Review - Wind River

Wind River (2017), R, 1h 47min - About three weeks ago, an old college buddy of mine had a post of Facebook asking if anyone he knew had seen a film called Wind River.  I had had no prior knowledge of the film, but after seeking out the trailer, I began to really look forward to seeing it.  It took a couple more weeks for it to get released in my area and yet another week before I could work it into my schedule, but yesterday I was able to check out the latest film from writer/director Taylor Sheridan, starring Jeremy Renner and Elizabeth Olsen.

While tracking predators that have been killing livestock on the Wind River Indian Reservation, U.S. Fish and Wildlife Service Agent Cory Fisher (Renner) discovers the body of an 18 year old girl miles away from civilization.  He instantly recognizes the remains as being Natalie Hanson (Kelsey Asbille), one of his daughter's closest friends.  Rookie FBI Agent Jane Banner (Olsen) is dispatched to determine whether or not it is a murder case and immediately has an uphill battle in dealing with the locals as she's a young white woman who shows up woefully unprepared for the vicious Wyoming weather.  Jane asks for Cory's help in investigating the crime as he's not just familiar with the land, but has a unique set of skills as a tracker and has also come to be accepted by the residents of the Reservation as one of their own (his ex-wife's family is from there).  Common sense points to the crime being a homicide, but the medical examiner states that the actual cause of death was the sub-zero temperatures of the night in question, so he cannot document the death as such.  This would cause the FBI to pull their resources, leaving the case to the local reservation law enforcement which is severely undermanned for the amount of land they have to cover.  Hellbent on not allowing the case to fall from her purvue, Jane pushes forward with her investigation in an attempt to find enough evidence to document the case as a homicide, while Cory continues to help Jane's efforts in his own quest for revenge and closure.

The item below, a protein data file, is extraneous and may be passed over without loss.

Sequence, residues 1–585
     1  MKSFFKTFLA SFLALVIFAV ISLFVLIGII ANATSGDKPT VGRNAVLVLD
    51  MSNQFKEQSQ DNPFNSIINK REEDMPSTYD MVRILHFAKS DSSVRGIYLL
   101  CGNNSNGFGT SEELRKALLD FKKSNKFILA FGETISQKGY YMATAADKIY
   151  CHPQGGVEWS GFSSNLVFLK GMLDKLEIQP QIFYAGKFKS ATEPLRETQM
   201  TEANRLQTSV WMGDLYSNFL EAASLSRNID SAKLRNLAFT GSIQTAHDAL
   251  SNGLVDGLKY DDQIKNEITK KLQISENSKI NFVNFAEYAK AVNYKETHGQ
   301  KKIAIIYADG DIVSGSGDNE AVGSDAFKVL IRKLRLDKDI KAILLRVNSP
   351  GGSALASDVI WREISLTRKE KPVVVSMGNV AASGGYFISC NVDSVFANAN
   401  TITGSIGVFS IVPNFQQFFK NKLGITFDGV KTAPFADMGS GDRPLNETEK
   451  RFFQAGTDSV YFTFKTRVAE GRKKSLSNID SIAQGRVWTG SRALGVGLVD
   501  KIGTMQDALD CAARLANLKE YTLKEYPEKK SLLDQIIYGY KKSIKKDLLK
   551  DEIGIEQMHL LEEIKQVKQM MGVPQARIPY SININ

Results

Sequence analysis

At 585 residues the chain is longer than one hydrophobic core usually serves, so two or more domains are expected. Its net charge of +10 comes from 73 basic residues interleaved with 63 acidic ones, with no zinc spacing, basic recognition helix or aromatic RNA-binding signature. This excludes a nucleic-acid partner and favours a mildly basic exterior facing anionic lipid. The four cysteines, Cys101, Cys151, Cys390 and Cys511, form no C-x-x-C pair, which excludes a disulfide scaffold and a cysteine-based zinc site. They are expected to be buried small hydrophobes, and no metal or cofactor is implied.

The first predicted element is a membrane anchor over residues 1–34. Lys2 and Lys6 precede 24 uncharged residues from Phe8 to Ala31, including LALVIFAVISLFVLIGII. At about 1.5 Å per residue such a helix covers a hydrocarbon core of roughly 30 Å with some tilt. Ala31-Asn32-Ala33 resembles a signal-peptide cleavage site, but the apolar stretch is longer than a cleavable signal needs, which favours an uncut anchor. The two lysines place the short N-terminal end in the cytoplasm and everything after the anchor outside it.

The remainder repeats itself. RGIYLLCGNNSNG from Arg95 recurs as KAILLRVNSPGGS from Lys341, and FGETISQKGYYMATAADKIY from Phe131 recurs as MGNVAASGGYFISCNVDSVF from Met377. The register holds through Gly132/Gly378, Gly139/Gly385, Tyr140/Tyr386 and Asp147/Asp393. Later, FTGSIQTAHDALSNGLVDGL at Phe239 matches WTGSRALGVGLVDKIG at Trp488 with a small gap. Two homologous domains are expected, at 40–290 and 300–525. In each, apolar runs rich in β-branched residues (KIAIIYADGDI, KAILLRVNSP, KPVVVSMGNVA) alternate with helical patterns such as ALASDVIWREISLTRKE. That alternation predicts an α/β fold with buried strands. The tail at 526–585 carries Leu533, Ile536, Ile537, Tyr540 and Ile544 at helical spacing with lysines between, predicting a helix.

This is probably the best performance of Jeremy Renner's that I have seen in a while.  That's not to say that he hasn't had good roles in recent years because he has, but this one nears the levels of his turns in The Hurt Locker and The Town.  Elizabeth Olsen is also strong, giving a performance full of determination and a sense of right despite her character being well out of her element.  Graham Greene plays Ben, the Reservation Police Chief wonderfully, balancing a bit of outsider distrust with a dose of realism, knowing that his force doesn't have the resources to handle such a crime.  A couple of other familiar faces pop up in the cast as well: Julia Jones (Cody's ex-wife Wilma), Gil Birmingham (Martin), Hugh Dillon (Curtis), Matthew Del Negro (Dillon), and Jon Bernthal (Matt, boyfriend of the deceased) who has worked with Taylor Sheridan in the past, playing a similarly small but important roll in 2015's Sicario.

Wind River is a tense, bleak, mystery thriller.  There are no crazy twists or mis-direction, just a well told, well paced film that leans heavily on the remote nature of its location and uses it as a strength.  It reminds me a bit of Winter's Bone in that way.  Sheridan places the racial and political tension of the Reservation at the forefront of the film, without being preachy, which is impressive in and of itself.  There is a disturbing rape scene (is there really any other kind?) and an animal death (early in the film), so be forewarned if you are sensitive to content like that.

Wind River is another winner from Taylor Sheridan as far as I'm concerned.  Having also written Sicario and Hell or High Water, he certainly has the art of the bleak thriller down pat.  This is right up there with the best films I've seen so far this year and it's probably pretty safe to say that it will find its way onto my annual Top 10 list at year's end.


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